- Your biometric data (fingerprints) will be collected during your visit to the Centers or Consulates, and your original application documents will be checked. The collection of biometric data is an EU-wide regulation where the EU is following the lead of the U.S., which for some time has collected fingerprints from all visa applicants.
- After you have submitted your application online and visited one of the Visa Application Centers or Consulates, Migri will make a decision on your application. At the end of the process, the Visa Application Center/Consulate will mail the residence permit to your address in the U.S.
- Application Center Helpline - VFS Global
Call Center: +1 212-203-0023 (Mon-Fri from 8:00 to 18.00 CST)
FAQ's: Please see here
Please see detailed application instructions below.
If your stay is less than 90 days
According to the Finnish immigration regulations, you do not need a residence permit if you are coming to Finland for a period shorter than 90 days to work as a researcher on the basis of an invitation or a contract. This regulation concerns Fulbright scholars, specialists and teachers. According to the grantee feedback, the residence permit may however at times come in handy when handling practicalities in Finland.
In retrospect, I should have applied for a residence permit, even though my stay was less than 90 days because the residence permit is necessary for receiving a Finnish ID number. Having the ID number is extremely helpful for: opening a bank account with full services, registering for child care, and receiving discounts on bus passes, among other things.
- U.S. Scholar 2015-2016
It is also possible to apply for a residence permit for stays under 90 days, but please note that there are some practicalities to consider, such as the cost of the permit, and the costs of traveling to one of the Application Centers in the U.S. If your stay in Finland is less than 90 days and you are considering obtaining a residence permit, please contact the Fulbright Finland Foundation before starting the application process.
Residence Permit Application Process
We strongly recommend that you begin the application process well in advance – preferably 5 months prior to your planned arrival in Finland, as securing appointments for biometrics may take time. The earlier you do so, the more time you will also be giving yourself to get all of your necessary paperwork and documentation in order. Additionally, you should keep in mind that the processing of your residence permit application cannot be started until you have submitted all the required paperwork.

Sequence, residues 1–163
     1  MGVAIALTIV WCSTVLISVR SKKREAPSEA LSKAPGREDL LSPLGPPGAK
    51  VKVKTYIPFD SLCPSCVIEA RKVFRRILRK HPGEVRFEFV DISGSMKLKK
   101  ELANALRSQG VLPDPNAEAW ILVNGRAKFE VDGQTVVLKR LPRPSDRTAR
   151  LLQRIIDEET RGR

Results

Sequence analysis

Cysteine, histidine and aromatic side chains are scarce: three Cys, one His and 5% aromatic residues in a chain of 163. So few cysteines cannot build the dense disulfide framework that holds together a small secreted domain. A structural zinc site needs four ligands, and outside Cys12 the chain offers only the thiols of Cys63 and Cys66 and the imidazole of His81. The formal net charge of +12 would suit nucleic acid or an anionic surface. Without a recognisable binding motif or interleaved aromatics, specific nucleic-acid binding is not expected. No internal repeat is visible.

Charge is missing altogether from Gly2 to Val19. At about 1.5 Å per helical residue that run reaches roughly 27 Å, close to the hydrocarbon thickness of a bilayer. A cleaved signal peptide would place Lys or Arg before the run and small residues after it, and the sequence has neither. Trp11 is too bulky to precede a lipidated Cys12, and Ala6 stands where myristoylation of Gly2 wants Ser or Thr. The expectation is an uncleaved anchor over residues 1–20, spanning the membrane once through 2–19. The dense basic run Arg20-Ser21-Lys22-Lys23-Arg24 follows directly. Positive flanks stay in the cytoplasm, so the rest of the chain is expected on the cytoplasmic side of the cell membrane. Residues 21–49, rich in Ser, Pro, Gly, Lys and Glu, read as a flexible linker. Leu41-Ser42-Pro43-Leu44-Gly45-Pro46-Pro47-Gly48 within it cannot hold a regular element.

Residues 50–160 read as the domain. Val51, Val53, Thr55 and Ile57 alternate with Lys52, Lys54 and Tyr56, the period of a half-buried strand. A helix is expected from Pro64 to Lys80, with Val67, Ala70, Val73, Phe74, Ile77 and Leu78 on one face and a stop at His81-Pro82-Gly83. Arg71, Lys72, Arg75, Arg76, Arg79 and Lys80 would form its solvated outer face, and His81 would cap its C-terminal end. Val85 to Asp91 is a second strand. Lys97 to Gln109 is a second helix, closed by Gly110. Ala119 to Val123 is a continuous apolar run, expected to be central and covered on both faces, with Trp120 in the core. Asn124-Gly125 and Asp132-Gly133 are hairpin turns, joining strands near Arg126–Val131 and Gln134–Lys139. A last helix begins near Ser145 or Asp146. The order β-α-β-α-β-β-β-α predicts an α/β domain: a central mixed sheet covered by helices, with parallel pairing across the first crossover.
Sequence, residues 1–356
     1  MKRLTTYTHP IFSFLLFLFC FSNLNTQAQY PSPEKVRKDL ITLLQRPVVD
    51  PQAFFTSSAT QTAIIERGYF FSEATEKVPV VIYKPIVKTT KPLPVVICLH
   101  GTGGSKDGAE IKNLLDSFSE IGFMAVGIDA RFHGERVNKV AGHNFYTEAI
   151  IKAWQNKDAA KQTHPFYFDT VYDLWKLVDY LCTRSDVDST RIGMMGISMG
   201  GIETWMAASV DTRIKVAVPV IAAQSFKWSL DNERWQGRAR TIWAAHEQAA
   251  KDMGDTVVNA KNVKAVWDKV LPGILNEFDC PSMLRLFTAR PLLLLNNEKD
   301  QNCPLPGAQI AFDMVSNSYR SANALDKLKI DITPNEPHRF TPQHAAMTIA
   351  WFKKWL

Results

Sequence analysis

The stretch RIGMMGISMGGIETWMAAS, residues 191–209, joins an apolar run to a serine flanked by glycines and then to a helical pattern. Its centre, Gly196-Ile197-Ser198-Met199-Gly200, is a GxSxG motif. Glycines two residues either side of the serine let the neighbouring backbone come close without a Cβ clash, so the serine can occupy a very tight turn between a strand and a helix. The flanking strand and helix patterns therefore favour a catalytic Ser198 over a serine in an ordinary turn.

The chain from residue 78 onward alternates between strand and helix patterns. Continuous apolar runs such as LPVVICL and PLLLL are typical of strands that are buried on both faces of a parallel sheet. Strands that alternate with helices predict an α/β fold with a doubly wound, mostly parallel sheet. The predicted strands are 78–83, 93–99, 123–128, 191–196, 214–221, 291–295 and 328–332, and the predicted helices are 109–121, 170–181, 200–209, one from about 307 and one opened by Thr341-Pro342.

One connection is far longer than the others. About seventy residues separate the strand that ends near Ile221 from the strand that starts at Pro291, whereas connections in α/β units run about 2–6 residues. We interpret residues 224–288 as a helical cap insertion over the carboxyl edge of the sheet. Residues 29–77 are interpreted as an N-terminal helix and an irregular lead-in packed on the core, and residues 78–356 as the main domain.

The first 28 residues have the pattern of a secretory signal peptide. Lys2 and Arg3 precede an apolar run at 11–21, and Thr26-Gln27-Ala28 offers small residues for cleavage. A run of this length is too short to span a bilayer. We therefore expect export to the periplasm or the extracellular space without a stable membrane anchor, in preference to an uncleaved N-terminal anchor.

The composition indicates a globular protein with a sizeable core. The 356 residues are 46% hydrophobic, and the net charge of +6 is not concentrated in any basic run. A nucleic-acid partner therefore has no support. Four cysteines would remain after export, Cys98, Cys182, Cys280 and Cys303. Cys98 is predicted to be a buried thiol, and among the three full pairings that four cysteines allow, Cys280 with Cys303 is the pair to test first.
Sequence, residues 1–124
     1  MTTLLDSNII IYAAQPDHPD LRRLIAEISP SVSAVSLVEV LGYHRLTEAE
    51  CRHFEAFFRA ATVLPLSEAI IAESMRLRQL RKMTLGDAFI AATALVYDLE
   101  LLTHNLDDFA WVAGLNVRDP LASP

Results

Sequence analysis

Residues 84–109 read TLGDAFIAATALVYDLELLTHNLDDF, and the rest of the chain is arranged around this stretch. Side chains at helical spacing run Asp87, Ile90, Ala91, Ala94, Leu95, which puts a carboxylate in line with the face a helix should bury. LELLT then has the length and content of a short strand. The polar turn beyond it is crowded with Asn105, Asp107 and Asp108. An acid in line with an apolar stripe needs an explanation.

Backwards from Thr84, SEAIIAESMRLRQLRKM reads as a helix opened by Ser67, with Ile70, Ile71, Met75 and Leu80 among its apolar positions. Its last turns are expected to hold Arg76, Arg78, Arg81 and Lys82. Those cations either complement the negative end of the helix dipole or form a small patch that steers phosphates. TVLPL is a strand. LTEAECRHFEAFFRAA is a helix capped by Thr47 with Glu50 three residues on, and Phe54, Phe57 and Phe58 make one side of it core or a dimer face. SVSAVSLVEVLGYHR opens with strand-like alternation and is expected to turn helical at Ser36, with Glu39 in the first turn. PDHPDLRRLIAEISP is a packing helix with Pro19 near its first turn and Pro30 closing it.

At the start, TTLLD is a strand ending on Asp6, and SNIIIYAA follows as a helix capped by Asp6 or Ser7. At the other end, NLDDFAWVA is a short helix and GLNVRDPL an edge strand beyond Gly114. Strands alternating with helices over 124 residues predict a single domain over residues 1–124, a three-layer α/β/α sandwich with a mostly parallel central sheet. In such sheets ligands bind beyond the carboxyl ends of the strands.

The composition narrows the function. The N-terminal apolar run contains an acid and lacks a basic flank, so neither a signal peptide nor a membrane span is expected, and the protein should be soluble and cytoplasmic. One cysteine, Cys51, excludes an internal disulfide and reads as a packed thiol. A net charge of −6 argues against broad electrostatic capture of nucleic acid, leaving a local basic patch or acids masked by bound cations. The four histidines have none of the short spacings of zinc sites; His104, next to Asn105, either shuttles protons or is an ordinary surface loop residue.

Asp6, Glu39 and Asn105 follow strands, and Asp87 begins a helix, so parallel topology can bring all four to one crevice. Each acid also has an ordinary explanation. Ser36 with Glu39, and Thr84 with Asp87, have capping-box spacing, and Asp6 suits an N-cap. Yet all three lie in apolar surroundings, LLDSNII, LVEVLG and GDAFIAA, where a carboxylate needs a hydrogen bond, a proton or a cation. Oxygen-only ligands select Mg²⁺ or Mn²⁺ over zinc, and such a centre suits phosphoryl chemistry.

Please also check the pages of the Finnish Immigration Service Migri and VFS Global prior to applying for the residence permit, since there might be changes after the writing of this Guide.
You will also have an opportunity to stay in Finland (and the passport-free Schengen area comprised of twenty-six European countries) without a valid residence permit for a maximum of 90 days as a tourist before or after your Fulbright period. Many Fulbrighters have arrived early or stayed after their grant period to enjoy the beautiful Finnish summer, or to travel in Finland and around Europe. Please remember that your ASPE benefit is valid only during your official grant term dates.
If you would like to stay in Finland for purposes other than tourism, please contact the Fulbright Finland Foundation for more information.
Listed below you can find program specific instructions on applying for a residence permit. Please make sure that you follow the instructions meant for your grant category.
- Scholars (All Fulbright U.S. Scholar Program participants except the Mid-Career Professional Development Program participants)
- Professionals (Mid-Career Professional Development and Fulbright Distinguished Awards in Teaching Program participants)
- Students (All Fulbright U.S. Student Program awardees)
Fulbright Specialists generally spend 14-42 days in Finland. For visits shorter than 90 days no visa or residence permit is required. A Specialist may extend their stay in Finland beyond the Specialist program dates for professional or personal reasons, such as for continued cooperation with the department or for tourist travel. The Specialist is required to notify Fulbright Finland of any such plans. In such cases, if the stay in Finland or other Schengen countries exceeds 90 days, please refer to instructions for Fulbright scholars (above). The CIES Specialist grant will not cover any extensions to the program. The Specialist and/or the Finnish host department are/is responsible for any additional costs.
New Century Scholar Grantees
The NCS grant includes an international research visit component. If the NCS scholar’s stay in Finland and other Schengen countries does not exceed 90 days, no visa or residence permit is required. If the stay exceeds 90 days, please refer to instructions for Fulbright scholars (above).